Toen ik in Marokko was heb ik prachtig borduurwerk gezien, ik vond het moeilijk om daar wat meer over de geschiedenis van het borduren te weten te komen. Ik gebruik daarom de tekst van iemand anders:
"While some samples of incredible Moroccan hand embroidery date back to the early 18th century, Moroccan women started this time-consuming occupation long before. Beginning centuries ago, Moroccan women decorated their hands and feet with henna for special occasions. Later these patterns were transferred onto pottery and then into embroidery.The Moroccan newborn baby often gets a beautiful embroidered pillowcase and sheets. The importance of embroidery in Moroccan life can also be seen in the traditional ceremony held for infant girls at the age of four months, when the baby is placed in a chair and given a needle and thimble along with some silk thread to hold, in anticipation of a life blessed with the needle's art, according to the Metropolitan Museum of Art.
When young, Moroccan girls were taught the art of embroidery in special workshops. The teacher, the maalma, would keep all the work as her commission for free training. Clients would come to order new embroideries, or have their old ones restored. In the early 20th century, when the tradition was still strong, more than two thousand women were teaching embroidery in Fez alone. Well-to-do families would buy cotton fabric, oriental silks, and special looms, so their daughters could practice at home the skills and art they learned from the maalma.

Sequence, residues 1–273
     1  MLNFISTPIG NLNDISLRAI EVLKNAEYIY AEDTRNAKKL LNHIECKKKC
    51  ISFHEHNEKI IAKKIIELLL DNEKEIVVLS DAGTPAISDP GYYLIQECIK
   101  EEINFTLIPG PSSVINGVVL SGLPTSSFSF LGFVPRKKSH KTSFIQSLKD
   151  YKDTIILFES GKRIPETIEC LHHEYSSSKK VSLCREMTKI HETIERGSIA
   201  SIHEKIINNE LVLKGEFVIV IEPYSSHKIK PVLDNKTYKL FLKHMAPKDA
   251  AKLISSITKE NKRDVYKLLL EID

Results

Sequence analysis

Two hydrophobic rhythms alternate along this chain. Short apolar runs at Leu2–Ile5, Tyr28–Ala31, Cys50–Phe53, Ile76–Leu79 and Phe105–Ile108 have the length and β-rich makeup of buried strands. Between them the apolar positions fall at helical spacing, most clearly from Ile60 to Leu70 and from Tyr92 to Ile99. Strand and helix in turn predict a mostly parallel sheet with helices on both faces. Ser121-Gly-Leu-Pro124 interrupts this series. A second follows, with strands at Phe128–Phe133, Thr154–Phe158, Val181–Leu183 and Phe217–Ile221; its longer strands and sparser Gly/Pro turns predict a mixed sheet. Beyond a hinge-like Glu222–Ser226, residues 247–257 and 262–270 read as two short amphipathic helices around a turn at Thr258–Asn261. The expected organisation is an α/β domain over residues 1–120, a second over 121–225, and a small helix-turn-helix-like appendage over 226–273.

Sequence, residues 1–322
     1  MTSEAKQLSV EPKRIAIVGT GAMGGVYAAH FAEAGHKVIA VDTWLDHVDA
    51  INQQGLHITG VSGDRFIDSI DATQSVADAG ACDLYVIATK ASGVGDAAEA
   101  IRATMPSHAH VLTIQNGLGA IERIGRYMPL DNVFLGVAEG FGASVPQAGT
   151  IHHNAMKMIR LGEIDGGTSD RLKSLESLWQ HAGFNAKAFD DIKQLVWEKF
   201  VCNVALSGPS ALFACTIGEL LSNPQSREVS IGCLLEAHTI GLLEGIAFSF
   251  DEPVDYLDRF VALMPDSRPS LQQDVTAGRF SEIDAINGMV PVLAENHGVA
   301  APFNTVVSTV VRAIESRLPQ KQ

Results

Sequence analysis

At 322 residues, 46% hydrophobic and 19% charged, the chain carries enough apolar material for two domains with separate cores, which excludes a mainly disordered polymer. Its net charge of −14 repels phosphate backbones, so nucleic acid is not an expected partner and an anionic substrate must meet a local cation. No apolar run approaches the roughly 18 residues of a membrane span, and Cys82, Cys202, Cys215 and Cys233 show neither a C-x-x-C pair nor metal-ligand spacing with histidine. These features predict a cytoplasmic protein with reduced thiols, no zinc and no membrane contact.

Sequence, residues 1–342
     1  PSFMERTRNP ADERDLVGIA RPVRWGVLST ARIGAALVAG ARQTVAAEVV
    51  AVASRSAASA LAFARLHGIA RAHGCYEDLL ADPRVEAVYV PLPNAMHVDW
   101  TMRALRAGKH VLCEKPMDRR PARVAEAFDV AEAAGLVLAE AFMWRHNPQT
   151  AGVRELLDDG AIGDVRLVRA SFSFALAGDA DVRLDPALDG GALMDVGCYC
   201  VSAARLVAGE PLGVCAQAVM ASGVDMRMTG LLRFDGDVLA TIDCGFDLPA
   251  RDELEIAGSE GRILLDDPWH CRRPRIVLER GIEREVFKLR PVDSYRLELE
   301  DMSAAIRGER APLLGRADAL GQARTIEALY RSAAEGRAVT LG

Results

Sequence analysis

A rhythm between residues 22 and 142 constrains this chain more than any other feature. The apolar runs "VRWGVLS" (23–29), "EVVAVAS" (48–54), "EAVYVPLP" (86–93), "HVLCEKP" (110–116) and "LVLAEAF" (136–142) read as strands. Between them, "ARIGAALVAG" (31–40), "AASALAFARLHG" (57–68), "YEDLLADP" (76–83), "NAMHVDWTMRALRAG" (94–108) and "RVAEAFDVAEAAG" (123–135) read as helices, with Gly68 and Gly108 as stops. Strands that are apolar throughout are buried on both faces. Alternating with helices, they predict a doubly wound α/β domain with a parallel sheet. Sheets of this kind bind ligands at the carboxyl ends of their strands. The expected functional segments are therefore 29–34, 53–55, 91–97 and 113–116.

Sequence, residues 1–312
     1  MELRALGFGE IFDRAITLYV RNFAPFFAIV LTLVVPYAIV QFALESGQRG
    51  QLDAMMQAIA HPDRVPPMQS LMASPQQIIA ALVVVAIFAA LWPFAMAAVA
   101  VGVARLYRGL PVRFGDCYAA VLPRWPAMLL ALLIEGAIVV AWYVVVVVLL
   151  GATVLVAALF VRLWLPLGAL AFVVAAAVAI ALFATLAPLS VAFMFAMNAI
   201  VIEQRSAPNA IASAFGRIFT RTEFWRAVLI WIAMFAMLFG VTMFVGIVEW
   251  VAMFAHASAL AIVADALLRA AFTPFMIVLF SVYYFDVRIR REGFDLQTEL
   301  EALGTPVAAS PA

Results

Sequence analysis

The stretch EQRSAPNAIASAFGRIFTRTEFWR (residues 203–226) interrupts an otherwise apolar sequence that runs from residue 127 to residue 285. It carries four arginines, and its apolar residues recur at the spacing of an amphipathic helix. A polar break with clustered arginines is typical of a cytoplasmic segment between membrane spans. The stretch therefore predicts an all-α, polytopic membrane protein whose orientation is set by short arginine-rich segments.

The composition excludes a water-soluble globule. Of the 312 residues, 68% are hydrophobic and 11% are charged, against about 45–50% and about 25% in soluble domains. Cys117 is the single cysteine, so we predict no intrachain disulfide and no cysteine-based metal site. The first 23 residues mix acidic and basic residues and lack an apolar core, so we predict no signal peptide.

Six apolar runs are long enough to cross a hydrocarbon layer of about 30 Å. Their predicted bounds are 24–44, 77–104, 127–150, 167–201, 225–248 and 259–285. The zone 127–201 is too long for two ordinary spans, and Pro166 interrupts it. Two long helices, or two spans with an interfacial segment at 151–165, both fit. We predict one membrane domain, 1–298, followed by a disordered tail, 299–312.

A Moroccan girl's dowry -- embroidered curtains, bed covers, tablecloths, and many other pieces -- could easily take a generation to build. Before the wedding, the Moroccan bride would be accompanied to the steam bath, the hamam, wearing clothes embroidered on the sleeves, the belt, the veil, and even the under garments. There were also pieces especially embroidered for the henna ceremony. The wedding sheet, made of crepe de chine
embroidered on the ends, would later be shown to everyone at the party, to prove the virginity of the bride. The girl's dowry was displayed at the wedding to demonstrate the wealth of the family. Sometimes the family rented out particularly magnificent pieces for this purpose.
Cities such as Tetouan, Chaoen, Meknes, Rabat, Salé, Zemmour, and Fez are all known for their unique embroidery styles, techniques, colors, and fabric. Women from Tafilal, in the south of Morocco, Berber Jews, mainly made fantastic embroidered clothes. Fez embroidery is perhaps the most celebrated -- easy to identify because of its highly graphic and geometric design; the triangle represents the eye, but may also symbolize the female sex if there are other triangles in each corner. Unfortunately today, relatively few Moroccan women practice the art of hand embroidery. Many items now are machine embroidered. It is such a pity that this beautiful tradition is slowly being lost. "